So once again, everyone's favorite warhorse, Brett Favre, has opted to return to quarterback the Packers next season. How are we, as Packer fans, supposed to feel about this?
The rote response from folks generally ranged from good to great. Is this being overly optimistic? We all know that Favre isn't what he used to be. He's less mobile, less accurate, still throws the ball very hard, but probably has lost a bit of velocity. His knowledge of the game and his ability to change calls and make audibles are still probably quite high, though he may not throw himself into preparation as much as he used to, or was forced to under Holmgren's regime. The valid reason for all the excitement is that Favre is most likely better than Aaron Rodgers and Ingle Martin, and an improvement over any veteran quarterback we could find in free agency (Damon Huard? Jeff Garcia?). Also, though some folks might be loath to admit it, I'm betting a lot of fans are relieved at Favre's return because he's the face of the franchise, and the Packers don't have a modern identity without him. What else does it mean?
First, financially, we won't have Brett's ginormous salary to throw around in free agency. But it doesn't really matter, because with the newly raised cap in effect, we have plenty of money available. The problem may be a lack of decent free agents out there. The best available skill position players seem to be Michael Turner, Tomlinson's back up with the Chargers, or Drew Bennett, the former UCLA quarterback turned wideout with the Titans. For tight ends, Daniel Graham and Jeramy Stevens may both be available. Anyhow, Brett's return shouldn't present us from throwing some money at Ahman, or sliding Al Harris additional cash.
In fact, even if he had left, given the dearth of available talent at positions where we have needs (WR, RB, and TE), we probably wouldn't have run out and spent his salary. Thompson does not seem to be a guy who spends money just for the sake of it. A final note on this subject, it's almost too bad that Al Harris is still playing quite well. We have a lot of money to spend and the best two free agents this year are cornerbacks-- Asante Samuel from the Pats (you may have seen his interception return against the Colts) and Nate Clements of Buffalo (he's the guy who intercepted Favre on the slant to Driver we ran at the Bills one-yard line--basically costing us the playoffs). I'm guessing it'd be anarchy to sign one of those guys and ask Woodson or Harris to be the nickel back. We could trade Harris to a contender that needs secondary help (the Colts? the Seahawks?), along with signing Samuel or Clements. Not sure if Thompson would want to be that adventurous.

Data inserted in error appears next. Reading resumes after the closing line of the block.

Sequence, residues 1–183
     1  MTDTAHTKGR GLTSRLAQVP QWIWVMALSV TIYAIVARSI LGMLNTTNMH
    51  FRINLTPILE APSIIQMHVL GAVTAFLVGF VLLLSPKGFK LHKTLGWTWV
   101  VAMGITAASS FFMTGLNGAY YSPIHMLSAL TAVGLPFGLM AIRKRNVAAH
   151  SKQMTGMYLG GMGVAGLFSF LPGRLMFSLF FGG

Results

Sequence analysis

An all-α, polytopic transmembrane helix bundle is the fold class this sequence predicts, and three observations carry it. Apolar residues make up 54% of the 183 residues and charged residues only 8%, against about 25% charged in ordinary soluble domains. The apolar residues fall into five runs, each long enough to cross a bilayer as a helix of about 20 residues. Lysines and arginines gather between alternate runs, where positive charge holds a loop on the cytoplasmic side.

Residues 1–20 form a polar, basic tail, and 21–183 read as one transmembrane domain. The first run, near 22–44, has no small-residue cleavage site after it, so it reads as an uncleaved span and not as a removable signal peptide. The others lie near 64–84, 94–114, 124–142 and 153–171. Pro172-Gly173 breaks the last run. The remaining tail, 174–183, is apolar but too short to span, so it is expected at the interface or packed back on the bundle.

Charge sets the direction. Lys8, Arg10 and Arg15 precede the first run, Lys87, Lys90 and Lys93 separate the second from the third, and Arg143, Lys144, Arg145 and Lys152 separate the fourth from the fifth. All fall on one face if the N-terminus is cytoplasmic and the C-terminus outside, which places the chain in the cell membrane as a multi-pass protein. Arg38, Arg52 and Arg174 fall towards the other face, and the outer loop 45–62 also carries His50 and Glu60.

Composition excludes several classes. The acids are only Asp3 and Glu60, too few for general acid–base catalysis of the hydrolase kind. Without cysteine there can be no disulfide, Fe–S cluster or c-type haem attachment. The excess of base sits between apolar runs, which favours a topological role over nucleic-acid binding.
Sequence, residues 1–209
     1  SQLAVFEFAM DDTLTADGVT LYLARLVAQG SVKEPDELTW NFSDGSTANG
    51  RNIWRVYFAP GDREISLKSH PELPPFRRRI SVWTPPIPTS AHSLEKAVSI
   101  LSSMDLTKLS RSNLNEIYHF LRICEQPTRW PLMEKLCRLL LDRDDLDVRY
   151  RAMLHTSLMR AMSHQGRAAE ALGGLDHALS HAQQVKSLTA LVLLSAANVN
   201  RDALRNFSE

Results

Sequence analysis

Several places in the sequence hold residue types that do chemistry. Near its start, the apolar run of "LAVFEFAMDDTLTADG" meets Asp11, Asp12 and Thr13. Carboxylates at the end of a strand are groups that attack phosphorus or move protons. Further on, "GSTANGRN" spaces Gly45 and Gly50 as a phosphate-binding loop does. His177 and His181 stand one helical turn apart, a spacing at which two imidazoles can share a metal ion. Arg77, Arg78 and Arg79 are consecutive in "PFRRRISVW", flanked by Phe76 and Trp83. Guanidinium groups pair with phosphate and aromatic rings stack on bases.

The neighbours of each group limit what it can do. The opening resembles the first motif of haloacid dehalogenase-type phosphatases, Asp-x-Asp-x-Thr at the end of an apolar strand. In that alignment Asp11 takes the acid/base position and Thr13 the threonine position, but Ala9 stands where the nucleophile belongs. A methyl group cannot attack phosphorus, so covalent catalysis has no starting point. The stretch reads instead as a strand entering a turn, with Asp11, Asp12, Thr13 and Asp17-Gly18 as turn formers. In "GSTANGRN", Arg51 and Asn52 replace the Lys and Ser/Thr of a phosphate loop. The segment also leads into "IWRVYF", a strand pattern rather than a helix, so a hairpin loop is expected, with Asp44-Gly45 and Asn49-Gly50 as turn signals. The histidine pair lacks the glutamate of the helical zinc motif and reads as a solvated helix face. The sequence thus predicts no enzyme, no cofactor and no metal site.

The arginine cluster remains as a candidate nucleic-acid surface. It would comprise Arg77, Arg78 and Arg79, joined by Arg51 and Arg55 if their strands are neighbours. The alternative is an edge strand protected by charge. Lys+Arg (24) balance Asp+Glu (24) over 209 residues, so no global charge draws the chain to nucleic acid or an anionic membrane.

Second, barring a disastrous injury or an offensive collapse, Brett will break the records for career touchdowns, wins by a quarterback, and interceptions. That'll give him nearly every meaningful record for QBs, though he'll still trail Marino in total yards. (Marino's more than 4,000 yards ahead.) One thing I admire about Brett is that the only record he's ever admitted to caring about is the record for most wins by a quarterback. He wants to be a winner. Don't get me wrong, he loves throwing touchdowns, but more than anything, he wants to win, even after 16 years in the league, three MVPs, and a Super Bowl win. Remarkable.
Third, all Packer fans can get some temporary relief from their worries. When Favre retires, things are going to be grim, not only because he still appears to be far more talented than the other available QB options, but also because it may coincide with the terminal aging of several of our key players, like Harris, Woodson, Driver and Ahman. Favre's return spares us from confronting questions about the team's long-term future, like what kind of team are we going to be after he's gone? Who are going to be our playmakers? Are any of our young players capable of becoming franchise players? How will we attract free agents to Green Bay? It also postpones, to some extent, worries for expatriate Packer fans, like myself, about watching the team on TV. With Favre, expect us to still be on a bunch of national broadcasts. As soon as he leaves, call the Direct TV guy and invest in Sunday Ticket, because the Packers will be scarcely seen.
Fourth, we may have a chance to make the playoffs if people stay healthy and our old guys don't fall off. Our shot is due to our division's awfulness and the NFC as a whole not being particularly good (thus making the competition for a spot suspect, like this season). Unfortunately, we play the NFC East (perhaps the best division in this poor conference) and the AFC West (Chargers (uh-oh), Broncos (tough), Raiders (no hay problema, although their defense is solid), and Chiefs (tough)) next year. Thankfully, you can still make the playoffs with a losing record, as far as I know.
Fifth and finally, I think Brett is back, in part, because of the Bears. Favre is likely coming back because we owned the Bears on New Year's and they're about to kick off in XLI. His thinking, somewhat rightly, is that if we stomped the NFC champions, we must have the potential to be decent. Of course, that logic may be flawed since the Bears had nothing to play for and thus admitted keeping their offense and defense quite vanilla that whole game. Regardless, the idea that the Bears are responsible for keeping their greatest antagonist from retiring is hysterical. Also, Favre's announcement is a reverse good omen for the Bears, timed right on the start of Super Bowl weekend. I say that because nothing would have brought more joy to Bears fans (and to Viking and Lion fans), than Favre retiring. And if he had announced his retirement right before the Bears played in the Super Bowl, Bear fans would be preemptively ecstatic. But instead, the opposite happened, and it's because of their own success! Wondrous.